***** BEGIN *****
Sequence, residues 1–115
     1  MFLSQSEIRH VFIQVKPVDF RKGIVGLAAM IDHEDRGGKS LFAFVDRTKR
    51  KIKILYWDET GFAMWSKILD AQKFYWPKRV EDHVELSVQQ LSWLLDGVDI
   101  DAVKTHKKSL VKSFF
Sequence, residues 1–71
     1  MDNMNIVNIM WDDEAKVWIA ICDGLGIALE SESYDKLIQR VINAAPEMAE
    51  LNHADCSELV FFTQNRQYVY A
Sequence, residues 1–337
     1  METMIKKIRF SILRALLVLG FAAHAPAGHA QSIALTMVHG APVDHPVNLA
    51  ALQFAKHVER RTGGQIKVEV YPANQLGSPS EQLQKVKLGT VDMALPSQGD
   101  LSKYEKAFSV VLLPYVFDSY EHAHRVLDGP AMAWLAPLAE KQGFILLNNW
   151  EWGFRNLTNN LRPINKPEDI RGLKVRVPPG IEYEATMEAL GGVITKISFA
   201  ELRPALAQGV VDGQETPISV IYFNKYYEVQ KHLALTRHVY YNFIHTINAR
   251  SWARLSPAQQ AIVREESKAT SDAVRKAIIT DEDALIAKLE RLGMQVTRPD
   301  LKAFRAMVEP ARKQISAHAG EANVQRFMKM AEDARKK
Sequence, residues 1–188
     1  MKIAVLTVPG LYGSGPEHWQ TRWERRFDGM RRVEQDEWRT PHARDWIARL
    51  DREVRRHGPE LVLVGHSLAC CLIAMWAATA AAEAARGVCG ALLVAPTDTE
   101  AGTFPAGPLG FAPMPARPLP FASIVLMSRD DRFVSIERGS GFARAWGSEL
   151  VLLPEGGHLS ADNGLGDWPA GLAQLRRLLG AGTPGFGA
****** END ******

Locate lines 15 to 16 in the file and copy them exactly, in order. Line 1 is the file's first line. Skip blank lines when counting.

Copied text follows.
   301  LKAFRAMVEP ARKQISAHAG EANVQRFMKM AEDARKK
Sequence, residues 1–188